Dallas has built several new structures using public-private funding partnerships, but are we neglecting our infrastructure for more sexy expenditures?

Dallas has built several new structures using public-private funding partnerships, but are we neglecting our infrastructure for more sexy expenditures?

I went to to the same New Cities Summit that Economist blogger “A.B.” went to, but I had a much different takeaway. Maybe that’s because I live here, or because I’m jaded, or because I’ve seen how Dallas works, but I can’t do much more than give a slow nod to the blogger’s “Prime Time” post on the magazine’s Schumpeter blog.

You see, and I pretty much spelled it out in my post dissecting and recapping the “Dallas: A Case Study” panel from the first day of the summit. Here’s what A.B. gleaned from that session:

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Continental Viaduct Bridge

The Continental Viaduct was just reopened as a park. The opening coincides with the New Cities Summit, which is hosted inside Dallas’ Arts District from June 17-19.

The Continental Bridge was once the easiest way to get from downtown Dallas to West Dallas if you didn’t want to cross at Fort Worth Avenue/Beckley. But when the Margaret Hunt Hill bridge opened, the Continental Viaduct was all but obsolete. So what do you do with aging infrastructure and a growing urban population that wants more open space? You make it a park.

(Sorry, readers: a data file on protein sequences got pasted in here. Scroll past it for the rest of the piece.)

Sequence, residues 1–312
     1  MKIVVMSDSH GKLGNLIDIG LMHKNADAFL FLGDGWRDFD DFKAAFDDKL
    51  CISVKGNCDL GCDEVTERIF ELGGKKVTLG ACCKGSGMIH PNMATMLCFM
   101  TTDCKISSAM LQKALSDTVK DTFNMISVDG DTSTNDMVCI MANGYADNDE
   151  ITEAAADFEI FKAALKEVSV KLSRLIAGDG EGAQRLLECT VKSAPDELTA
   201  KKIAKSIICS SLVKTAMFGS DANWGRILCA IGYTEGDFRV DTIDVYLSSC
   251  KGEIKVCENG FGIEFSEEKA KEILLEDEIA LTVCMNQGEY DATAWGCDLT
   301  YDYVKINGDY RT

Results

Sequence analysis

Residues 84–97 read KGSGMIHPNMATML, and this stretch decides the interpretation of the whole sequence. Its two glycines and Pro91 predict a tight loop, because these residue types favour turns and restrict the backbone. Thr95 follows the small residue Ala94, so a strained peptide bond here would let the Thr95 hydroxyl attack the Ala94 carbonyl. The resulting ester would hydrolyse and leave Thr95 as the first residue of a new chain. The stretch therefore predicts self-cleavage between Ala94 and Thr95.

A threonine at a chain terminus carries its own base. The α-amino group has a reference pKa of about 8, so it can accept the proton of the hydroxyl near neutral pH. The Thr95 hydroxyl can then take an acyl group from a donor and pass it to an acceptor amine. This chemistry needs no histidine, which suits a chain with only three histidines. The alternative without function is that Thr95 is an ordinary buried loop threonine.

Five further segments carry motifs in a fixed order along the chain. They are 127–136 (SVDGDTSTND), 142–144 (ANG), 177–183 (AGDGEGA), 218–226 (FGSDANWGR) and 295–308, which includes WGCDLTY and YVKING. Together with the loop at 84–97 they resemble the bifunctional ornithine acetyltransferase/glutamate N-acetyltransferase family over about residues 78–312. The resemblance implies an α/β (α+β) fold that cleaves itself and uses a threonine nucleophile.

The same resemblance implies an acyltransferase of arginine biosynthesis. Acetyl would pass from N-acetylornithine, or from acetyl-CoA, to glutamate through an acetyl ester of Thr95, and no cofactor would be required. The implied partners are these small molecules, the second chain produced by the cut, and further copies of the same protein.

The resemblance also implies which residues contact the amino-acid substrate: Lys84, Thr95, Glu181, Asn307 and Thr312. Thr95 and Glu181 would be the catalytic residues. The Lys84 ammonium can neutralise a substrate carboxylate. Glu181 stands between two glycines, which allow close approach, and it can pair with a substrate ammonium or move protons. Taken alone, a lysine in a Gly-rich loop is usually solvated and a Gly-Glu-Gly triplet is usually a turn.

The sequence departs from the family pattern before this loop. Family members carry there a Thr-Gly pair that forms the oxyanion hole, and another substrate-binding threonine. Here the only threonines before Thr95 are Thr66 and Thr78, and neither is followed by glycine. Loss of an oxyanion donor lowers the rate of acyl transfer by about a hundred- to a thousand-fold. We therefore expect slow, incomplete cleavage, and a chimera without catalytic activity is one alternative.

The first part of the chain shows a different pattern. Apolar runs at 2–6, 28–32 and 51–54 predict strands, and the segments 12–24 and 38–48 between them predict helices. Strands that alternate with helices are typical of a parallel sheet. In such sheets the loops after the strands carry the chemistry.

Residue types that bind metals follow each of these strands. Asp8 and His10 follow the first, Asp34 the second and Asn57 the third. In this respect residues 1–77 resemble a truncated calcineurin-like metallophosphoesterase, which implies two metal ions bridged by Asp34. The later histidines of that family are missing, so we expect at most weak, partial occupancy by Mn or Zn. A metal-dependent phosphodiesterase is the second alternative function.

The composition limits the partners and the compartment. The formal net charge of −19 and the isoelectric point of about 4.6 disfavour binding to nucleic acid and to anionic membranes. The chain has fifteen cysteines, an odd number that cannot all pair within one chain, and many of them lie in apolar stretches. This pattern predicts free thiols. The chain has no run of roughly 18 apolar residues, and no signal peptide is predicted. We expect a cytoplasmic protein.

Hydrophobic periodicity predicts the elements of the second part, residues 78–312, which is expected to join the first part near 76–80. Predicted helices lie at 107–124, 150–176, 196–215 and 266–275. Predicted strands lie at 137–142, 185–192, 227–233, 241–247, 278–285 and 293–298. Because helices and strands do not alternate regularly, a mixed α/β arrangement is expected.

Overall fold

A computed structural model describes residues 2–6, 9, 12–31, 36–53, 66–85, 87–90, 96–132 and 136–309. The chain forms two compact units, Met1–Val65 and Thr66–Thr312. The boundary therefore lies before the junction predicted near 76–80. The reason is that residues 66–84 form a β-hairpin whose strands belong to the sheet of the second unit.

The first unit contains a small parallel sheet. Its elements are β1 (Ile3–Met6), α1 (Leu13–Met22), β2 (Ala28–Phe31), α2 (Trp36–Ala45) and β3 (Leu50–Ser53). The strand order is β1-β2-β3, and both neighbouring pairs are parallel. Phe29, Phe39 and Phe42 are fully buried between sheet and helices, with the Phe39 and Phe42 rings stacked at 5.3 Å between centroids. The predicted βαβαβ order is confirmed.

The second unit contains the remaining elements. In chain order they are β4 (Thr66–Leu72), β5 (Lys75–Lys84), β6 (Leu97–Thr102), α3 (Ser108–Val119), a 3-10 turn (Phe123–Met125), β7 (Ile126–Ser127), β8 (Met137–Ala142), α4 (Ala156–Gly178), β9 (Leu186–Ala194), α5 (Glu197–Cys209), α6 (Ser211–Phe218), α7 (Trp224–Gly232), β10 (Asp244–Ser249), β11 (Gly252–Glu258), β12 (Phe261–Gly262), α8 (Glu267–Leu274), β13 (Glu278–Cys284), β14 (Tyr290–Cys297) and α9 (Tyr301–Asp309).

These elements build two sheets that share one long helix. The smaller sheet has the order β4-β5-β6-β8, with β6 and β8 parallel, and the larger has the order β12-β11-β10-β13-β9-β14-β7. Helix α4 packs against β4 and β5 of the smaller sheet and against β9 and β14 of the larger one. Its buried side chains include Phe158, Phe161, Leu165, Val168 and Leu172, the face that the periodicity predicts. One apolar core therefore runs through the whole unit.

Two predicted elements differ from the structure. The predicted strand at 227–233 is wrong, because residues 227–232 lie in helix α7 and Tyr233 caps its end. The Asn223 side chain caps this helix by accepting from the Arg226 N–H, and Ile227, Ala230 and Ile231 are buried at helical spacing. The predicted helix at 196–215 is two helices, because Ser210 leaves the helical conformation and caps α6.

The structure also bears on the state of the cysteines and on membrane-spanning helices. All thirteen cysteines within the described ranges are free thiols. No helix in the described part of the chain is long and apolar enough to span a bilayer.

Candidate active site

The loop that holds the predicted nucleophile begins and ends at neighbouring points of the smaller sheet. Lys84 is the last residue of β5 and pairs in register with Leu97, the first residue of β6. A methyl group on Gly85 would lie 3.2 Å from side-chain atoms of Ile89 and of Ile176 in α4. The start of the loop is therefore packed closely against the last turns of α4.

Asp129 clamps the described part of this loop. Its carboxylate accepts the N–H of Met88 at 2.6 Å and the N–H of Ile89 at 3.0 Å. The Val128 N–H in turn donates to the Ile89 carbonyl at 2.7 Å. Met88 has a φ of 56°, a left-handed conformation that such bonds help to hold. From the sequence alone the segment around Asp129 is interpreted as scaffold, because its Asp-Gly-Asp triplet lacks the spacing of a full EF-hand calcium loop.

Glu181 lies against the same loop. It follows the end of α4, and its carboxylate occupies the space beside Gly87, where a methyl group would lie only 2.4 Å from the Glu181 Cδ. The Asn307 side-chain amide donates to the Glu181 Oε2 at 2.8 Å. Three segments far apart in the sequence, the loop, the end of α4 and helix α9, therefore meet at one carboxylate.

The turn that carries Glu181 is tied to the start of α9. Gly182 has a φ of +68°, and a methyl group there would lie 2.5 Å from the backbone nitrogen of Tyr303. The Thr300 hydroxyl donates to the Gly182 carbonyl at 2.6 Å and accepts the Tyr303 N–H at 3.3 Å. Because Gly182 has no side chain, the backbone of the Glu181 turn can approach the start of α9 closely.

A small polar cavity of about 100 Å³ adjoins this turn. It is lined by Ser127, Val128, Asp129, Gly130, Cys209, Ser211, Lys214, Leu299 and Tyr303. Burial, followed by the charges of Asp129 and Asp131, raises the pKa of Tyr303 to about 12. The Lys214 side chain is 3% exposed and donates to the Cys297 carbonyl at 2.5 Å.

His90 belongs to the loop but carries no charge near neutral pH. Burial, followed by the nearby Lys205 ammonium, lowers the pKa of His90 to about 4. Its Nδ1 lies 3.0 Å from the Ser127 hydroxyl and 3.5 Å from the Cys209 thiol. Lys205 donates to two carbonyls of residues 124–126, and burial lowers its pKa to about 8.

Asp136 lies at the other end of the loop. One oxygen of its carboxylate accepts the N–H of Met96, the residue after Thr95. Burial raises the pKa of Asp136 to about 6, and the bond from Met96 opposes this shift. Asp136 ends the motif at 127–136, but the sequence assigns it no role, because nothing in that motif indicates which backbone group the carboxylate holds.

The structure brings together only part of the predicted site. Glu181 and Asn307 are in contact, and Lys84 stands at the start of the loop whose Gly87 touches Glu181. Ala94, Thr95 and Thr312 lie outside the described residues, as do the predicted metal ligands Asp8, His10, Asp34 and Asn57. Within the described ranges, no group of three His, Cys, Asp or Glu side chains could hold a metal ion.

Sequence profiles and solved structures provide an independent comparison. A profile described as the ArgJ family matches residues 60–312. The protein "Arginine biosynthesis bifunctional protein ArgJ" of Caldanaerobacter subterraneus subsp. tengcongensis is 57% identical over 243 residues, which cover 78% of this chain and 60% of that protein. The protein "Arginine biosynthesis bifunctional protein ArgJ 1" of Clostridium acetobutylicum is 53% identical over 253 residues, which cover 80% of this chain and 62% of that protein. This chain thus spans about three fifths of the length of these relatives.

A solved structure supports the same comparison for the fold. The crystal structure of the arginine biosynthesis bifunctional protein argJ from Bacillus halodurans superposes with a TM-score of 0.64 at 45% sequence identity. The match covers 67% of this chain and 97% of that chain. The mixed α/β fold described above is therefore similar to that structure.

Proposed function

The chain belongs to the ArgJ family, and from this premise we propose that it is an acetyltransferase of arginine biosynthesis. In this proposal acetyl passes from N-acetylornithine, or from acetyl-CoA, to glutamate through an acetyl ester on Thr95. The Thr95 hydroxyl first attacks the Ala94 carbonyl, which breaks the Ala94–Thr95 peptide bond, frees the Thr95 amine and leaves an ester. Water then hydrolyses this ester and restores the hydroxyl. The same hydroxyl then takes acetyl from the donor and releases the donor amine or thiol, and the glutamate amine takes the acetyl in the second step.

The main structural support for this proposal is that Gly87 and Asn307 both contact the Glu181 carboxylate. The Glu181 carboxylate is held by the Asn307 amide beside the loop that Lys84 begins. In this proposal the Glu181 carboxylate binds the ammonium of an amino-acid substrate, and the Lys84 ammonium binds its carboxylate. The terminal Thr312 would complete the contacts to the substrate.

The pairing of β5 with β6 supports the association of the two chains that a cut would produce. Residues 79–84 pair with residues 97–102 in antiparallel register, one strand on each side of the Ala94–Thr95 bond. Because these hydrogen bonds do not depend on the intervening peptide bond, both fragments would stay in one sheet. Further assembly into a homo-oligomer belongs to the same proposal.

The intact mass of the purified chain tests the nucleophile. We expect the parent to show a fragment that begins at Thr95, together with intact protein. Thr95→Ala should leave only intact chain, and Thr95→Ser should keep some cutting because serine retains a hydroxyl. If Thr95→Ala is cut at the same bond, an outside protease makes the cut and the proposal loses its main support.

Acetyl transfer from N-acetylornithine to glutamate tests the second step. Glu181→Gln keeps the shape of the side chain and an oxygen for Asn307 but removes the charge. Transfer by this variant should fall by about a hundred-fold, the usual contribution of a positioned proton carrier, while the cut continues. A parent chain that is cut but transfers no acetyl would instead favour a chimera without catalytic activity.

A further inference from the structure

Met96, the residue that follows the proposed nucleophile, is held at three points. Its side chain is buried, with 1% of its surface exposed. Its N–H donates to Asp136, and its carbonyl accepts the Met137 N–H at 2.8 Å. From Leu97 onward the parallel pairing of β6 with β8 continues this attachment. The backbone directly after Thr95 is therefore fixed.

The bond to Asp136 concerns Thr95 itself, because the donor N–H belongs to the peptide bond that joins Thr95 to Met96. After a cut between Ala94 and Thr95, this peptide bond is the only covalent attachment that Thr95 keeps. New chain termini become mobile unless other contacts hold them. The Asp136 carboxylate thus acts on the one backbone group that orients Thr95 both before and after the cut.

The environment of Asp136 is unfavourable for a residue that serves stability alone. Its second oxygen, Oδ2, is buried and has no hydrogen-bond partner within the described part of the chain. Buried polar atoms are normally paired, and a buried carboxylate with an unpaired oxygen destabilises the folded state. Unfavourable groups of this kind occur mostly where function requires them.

That’s what’s interesting about this conversion, which just opened ahead of the New Cities Summit, an urban-oriented conference that will host panels discussing some very heady issues that cities are facing in the 21st century. I’m pretty sure that it is no coincidence that the new bridge/park opened last weekend, and that the summit will kick off tomorrow with an opening keynote address from Dallas Mayor Mike Rawlings. The event is hosted in our spectacular Arts District, too, and I am sure that attendees will enjoy our many beautiful examples of cutting edge architecture.

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